Palestinian Authority Prime Minister Mohammad Shtayyeh on Monday said coronavirus restrictions will be eased across the West Bank, with courts, government ministries, shops, schools, nurseries and public transportation set to resume normal operations in the next few days.
“Even as the curve rises worldwide… it is a testament to our society’s immune system and dedication that has led us to this moment, in which we can announce that we are approaching the end of these restrictions,” Shtayyeh said at a press conference in Ramallah.
PA government employees — including courts and government ministries — will return to work after the Eid al-Fitr holiday, on Wednesday, while businesses can resume normal operations on Tuesday.
Mosques and churches will also open for the dawn prayer on Tuesday, albeit with some restrictions, Shtayyeh said. Worshipers will be obligated to wear a mask, practice social distancing, and refrain from practicing ritual ablution — an Islamic requirement before prayer — in public buildings.
Flights will begin in early June through the Queen Alia International airport in Amman to repatriate Palestinian students stranded abroad during the coronavirus outbreak, Shtayyeh said.
“I would like to extend my gratitude to King Abdullah II and his government for their aid in opening the airport,” Shtayyeh said.
According to the Palestinian health ministry, there are currently 123 active cases of the coronavirus in the Palestinian territories: 38 cases in Gaza, 60 cases in Jerusalem, and 24 cases in the West Bank city of Hebron. There have been three deaths.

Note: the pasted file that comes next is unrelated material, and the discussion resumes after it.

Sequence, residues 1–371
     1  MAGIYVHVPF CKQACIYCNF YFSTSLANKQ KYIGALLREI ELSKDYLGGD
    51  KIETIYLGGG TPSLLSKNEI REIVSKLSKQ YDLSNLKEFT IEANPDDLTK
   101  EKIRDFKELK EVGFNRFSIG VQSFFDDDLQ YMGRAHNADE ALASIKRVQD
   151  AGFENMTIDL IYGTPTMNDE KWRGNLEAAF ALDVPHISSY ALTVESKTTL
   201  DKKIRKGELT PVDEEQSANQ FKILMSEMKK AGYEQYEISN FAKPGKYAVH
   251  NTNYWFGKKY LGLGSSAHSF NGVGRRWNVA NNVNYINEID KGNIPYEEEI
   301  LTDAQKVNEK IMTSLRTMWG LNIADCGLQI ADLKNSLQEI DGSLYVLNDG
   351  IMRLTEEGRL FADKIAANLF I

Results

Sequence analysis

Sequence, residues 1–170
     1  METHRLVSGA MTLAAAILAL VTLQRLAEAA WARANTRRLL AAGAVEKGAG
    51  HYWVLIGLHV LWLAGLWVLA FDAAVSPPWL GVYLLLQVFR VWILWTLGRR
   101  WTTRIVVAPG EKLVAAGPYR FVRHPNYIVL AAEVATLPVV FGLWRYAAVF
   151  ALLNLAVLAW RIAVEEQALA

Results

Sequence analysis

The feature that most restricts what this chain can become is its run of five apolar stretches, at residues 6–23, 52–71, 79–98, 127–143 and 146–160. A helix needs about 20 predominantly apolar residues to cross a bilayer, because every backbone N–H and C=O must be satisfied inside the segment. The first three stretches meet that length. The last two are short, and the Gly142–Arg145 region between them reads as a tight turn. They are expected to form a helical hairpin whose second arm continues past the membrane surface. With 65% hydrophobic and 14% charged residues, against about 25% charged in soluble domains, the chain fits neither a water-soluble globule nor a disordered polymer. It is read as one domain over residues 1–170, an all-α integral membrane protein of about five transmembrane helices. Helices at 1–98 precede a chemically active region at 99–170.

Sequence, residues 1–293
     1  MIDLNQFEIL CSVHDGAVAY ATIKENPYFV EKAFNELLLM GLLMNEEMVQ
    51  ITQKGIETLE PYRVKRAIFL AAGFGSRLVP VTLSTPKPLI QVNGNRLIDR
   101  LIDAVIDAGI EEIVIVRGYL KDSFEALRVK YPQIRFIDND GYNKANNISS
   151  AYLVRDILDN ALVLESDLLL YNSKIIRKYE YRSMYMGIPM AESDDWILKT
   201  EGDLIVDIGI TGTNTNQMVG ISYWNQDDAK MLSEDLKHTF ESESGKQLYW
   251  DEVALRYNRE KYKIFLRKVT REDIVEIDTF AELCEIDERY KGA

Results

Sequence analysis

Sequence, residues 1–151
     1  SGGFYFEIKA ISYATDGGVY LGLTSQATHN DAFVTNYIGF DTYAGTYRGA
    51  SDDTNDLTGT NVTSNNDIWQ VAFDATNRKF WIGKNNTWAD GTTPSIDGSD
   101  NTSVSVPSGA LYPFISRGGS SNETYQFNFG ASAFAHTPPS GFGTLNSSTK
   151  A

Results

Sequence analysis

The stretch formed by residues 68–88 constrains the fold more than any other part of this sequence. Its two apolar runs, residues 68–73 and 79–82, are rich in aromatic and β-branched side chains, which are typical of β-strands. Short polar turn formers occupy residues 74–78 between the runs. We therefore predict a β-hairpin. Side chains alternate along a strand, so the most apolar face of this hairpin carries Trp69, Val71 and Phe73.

The first social distancing restrictions in the West Bank were instituted in late March.
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Shtayyeh said the PA was ready to reinstate the lockdown measures in the event of a second wave.
“The easing in the measures and gradual return to normal life is being done cautiously… If, God forbid, we see further infections, we are prepared to bring back all of the restrictions,” Shtayyeh said.
Lockdown measures instituted over the Eid al-Fitr holiday resulted in tensions throughout the West Bank; in violation of the restrictions, hundreds of Palestinians demonstrated for the right to pray in mosques rather than in the safety of their own homes. Two young men were allegedly shot with live fire in Dheisheh refugee camp outside of Bethlehem due to a clash resulting from lockdown procedures.
Shtayyeh downplayed the clashes in his remarks, claiming that the security forces had successfully avoided the use of force against those violating the rules.
“Some people wanted to pray. There are 1,640 mosques in the West Bank. Twenty mosques had violations. Twenty out of 1,640 is hardly worth mentioning. We asked the security forces to deal with this positively and to avoid confrontation,” Shtayyeh said.
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Some Hamas officials have taken advantage of discontent over the severity of the Eid lockdown in the West Bank to criticize the PA’s response.
Former Hamas MP Abd al-Rahman Zeidan accused the PA in a statement of “stumbling about in the face of corona.”
Zeidan questioned why the Palestinian Authority would allow Palestinian workers to travel between Israel and the West Bank, potentially putting them and the broader community at risk from the novel coronavirus.
In an interview with Hamas-affiliated newspaper al-Resalah, Hamas MP Nayif Rajoub accused the PA of using tighter restrictions in an attempt to restore its political prestige and suppress domestic dissent.